As his mother was dying, Philip Kennicott began to listen to the music of Bach obsessively. It was the only music that didn't seem trivial or irrelevant, and it enabled him to both experience her death and remove himself from it. For him, Bach's music held the elements of both joy and despair, life and its inevitable end. He spent the next five years trying to learn one of the composer's greatest keyboard masterpieces, the Goldberg Variations. In Counterpoint, he recounts his efforts to rise to the challenge, and to fight through his grief by coming to terms with his memories of a difficult, complicated childhood. He describes the joys of mastering some of the piano pieces, the frustrations that plague his understanding of others, the technical challenges they pose, and the surpassing beauty of the melodies, harmonies, and counterpoint that distinguish them. While exploring Bach's compositions he sketches a cultural history of playing the piano in the twentieth century. And he raises two questions that become increasingly interrelated, not unlike a contrapuntal passage in one of the variations itself: What does it mean to know a piece of music? What does it mean to know another human being?
Assessing the legacy of the Frankfurt School in the twenty-first century
Winner of the 2021 IACP Award for Literary or Historical Food Writing
Longlisted for the 2021 Plutarch Award
How a leading writer of the Lost Generation became America's most famous farmer and inspired the organic food movement.
For decades neuroscientists understood sensory perception as a matter of external stimuli "sparking" regions of the brain. But this view has a key flaw: odors don't line up consistently with the neural map. A. S. Barwich explores the new science of smell and urges us to rethink theories of mind and brain inspired by the mapping model.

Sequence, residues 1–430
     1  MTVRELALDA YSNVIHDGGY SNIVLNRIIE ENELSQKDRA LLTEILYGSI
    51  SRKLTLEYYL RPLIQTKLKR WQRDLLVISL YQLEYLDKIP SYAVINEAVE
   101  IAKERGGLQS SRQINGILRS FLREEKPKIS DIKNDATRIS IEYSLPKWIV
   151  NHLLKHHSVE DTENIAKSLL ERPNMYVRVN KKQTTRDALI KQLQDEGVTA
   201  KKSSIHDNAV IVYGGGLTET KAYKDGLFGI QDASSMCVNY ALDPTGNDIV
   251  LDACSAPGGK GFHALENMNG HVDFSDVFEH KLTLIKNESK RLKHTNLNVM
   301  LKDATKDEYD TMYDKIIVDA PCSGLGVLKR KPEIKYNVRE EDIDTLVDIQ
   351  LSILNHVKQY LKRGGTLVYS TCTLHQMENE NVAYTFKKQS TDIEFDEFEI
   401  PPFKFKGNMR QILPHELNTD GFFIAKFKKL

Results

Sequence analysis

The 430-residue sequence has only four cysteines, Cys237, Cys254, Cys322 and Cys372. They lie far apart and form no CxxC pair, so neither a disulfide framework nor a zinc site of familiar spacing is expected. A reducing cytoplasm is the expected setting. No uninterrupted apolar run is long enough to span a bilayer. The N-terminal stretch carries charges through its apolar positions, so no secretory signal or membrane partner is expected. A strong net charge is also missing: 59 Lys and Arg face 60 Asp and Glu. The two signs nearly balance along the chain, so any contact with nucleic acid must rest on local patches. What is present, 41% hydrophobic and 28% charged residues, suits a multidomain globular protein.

Longlisted for the 2021 International Booker Prize
A major new collection of stories by one of the most exciting and creative voices in contemporary Chinese literature
Can Xue's stories observe no obvious conventions of plot or characterization. That is the only rule they follow. Instead, they tend to limn a disordered and poetic state given structure by philosophical wonder and emotional rigor.
Combining elements of both Chinese materiality-the love of physical things-and Western abstract thinking, Can Xue invites her readers into an immersive landscape that blends empirical fact and illusion, mixes the physical and spiritual, and probes the space between consciousness and oblivion. She brings us to a place that is both readily familiar yet unmappable and can make us hyperaware of the inherent unreliability in our relationship to the world around us. Delightful, enchanting, and filled with secrets, Can Xue's newest collection shines a light on the forces that give contours to the visible terrain we acknowledge as reality.